Lush wood grain, fine clothing, furnishings, accessories and impeccably trained employees all await visitors to the Brooks Brothers store at Biltmore Fashion Park. The apparel, like Abraham Lincoln and the 39 other U.S. presidents outfitted by the oldest men’s clothier in the United States, is woven into our country’s history, commands attention and leaves a striking impression.
It’s no surprise that the brand founded in 1818 is built on being truly a one-stop shop for high quality suits, tuxedos, shirts, ties, pants, blazers, belts, socks, shoes, polo/sport shirts, walking shorts, underwear, watches, sunglasses, cufflinks, tie bars, hats, gloves, scarves, pocket squares, umbrellas, wallets, pens, stationery, briefcases, attaché cases, cologne, dresses and even leather-bound diaries.
Brooks Brothers offers fashions for both men and women, as it does 20 percent of its business in women’s clothing and accessories. And if you walked into the Biltmore Fashion Park store right now, you’d likely be greeted warmly by associate Robert Rosenthal, a purveyor of excellent sartorial advice primed to provide Brooks Brothers’ legendary customer service.
Robert has a unique ability to gain his customers’ confidence before he’s even said his first word. His signature, custom-made vests, striking cufflinks and classic collar pin leave no doubt that timeless style is this former New Yorker’s forte.
“Really, how you dress is your business card,” Robert says. “Style is the perfection of a point of view.”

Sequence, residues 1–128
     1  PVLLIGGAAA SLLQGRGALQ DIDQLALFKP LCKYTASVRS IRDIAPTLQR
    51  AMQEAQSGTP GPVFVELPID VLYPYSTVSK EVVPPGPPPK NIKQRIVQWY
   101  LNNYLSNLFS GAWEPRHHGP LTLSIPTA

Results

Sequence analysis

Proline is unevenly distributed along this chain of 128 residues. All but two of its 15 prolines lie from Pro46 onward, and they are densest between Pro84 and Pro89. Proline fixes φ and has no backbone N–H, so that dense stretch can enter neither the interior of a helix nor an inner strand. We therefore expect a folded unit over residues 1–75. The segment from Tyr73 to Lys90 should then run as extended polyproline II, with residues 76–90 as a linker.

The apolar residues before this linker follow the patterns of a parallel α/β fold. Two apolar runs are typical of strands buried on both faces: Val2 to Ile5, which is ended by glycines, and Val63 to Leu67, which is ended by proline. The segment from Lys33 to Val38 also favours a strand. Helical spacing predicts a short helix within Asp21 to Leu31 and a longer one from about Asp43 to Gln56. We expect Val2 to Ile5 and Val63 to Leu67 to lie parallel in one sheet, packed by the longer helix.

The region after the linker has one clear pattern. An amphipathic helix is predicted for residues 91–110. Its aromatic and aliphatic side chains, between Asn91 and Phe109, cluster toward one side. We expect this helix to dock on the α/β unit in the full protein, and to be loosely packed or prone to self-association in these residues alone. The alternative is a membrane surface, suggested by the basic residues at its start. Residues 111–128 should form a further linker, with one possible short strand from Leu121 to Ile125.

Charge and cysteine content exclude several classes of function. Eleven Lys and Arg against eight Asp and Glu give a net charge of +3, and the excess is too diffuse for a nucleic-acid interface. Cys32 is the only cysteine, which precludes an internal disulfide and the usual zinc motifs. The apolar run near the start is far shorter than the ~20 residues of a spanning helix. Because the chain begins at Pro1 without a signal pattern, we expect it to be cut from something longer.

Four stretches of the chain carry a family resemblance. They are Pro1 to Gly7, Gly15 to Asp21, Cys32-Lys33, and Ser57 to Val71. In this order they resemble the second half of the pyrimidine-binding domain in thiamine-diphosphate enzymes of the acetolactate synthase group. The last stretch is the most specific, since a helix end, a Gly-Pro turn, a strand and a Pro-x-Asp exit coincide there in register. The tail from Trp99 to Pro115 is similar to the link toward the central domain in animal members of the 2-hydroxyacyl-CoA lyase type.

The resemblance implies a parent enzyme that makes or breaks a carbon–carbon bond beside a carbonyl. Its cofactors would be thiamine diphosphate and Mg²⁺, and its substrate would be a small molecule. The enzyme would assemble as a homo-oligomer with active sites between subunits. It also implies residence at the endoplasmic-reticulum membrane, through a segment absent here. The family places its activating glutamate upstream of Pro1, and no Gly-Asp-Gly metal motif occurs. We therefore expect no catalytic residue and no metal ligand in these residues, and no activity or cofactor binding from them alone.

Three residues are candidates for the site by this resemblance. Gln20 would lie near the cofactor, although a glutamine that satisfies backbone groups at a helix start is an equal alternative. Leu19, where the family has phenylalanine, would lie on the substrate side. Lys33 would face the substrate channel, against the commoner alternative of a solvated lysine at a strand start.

At Brooks Brothers, Robert assists his clients in defining and expressing their stylistic points of view. In addition to Brooks Brothers’ suits, vests, ties and shoes, a fully realized outfit includes four key accessories.
“The standout accessories are a distinctive watch, classy or conversational cufflinks, a tie bar and of course, a collar pin,” Robert says.
Not widely used today, Robert explains that the collar pin attaches to both sides of the collar, running directly underneath the tie knot area. It is typically worn with a pointed or rounded collar and is designed to accentuate the tie knot while keeping the collar tight. Collar pins were worn by luminaries including Frank Sinatra, Fred Astaire, Mad Men’s 1960s-era Roger Sterling and by many of the characters in the show Boardwalk Empire, set in Prohibition-era Atlantic City. A collar pin is also worn each day at Brooks Brothers by one modern-era Robert Rosenthal.
“The collar pin was a classy look that made great sense to me way back when I began to develop my own personal style,” Robert says. “I maintain the look to this day because I never tire of the elegance it affords me. The collar pin is a small detail that presents a big impression.”
Whether it’s closing a big business deal, nailing that first big job interview, applying to college or anything in between, Brooks Brothers associates are there to help their customers feel confident, achieve success and look their best. And Robert is one of the best.
“In addition to being our top sales associate, Robert possesses deep expertise and passion about style and all things Brooks Brothers,” says Itzia Gonzales, store manager for Brooks Brothers Biltmore Fashion Park. “He is a true gentleman with an undeniable ability to connect with our customers and create a personalized experience for them.”
Robert works hard to make Brooks Brothers’ customers’ style appear effortless.
“Famous English fashion designer Hardy Amies, Queen Elizabeth II’s official dressmaker, once said ‘A man should look as if he had bought his clothes with intelligence, put them on with care, and then forgotten all about them,’” Robert says.
And how have both Brooks Brothers, which is getting ready to celebrate its 200th anniversary, and Robert, preparing to celebrate his one-year anniversary at the Biltmore Fashion Park store, lasted so long in the ultra-competitive, perpetually evolving world of fashion?
“Yves Saint Laurent’s quote ‘fashions fade, style is eternal’ has been my personal theme from the very beginning and will continue to be until my final day in this world,” Robert says.
– Written by Josh Coddington, marketing and communications manager, Greater Phoenix Chamber of Commerce.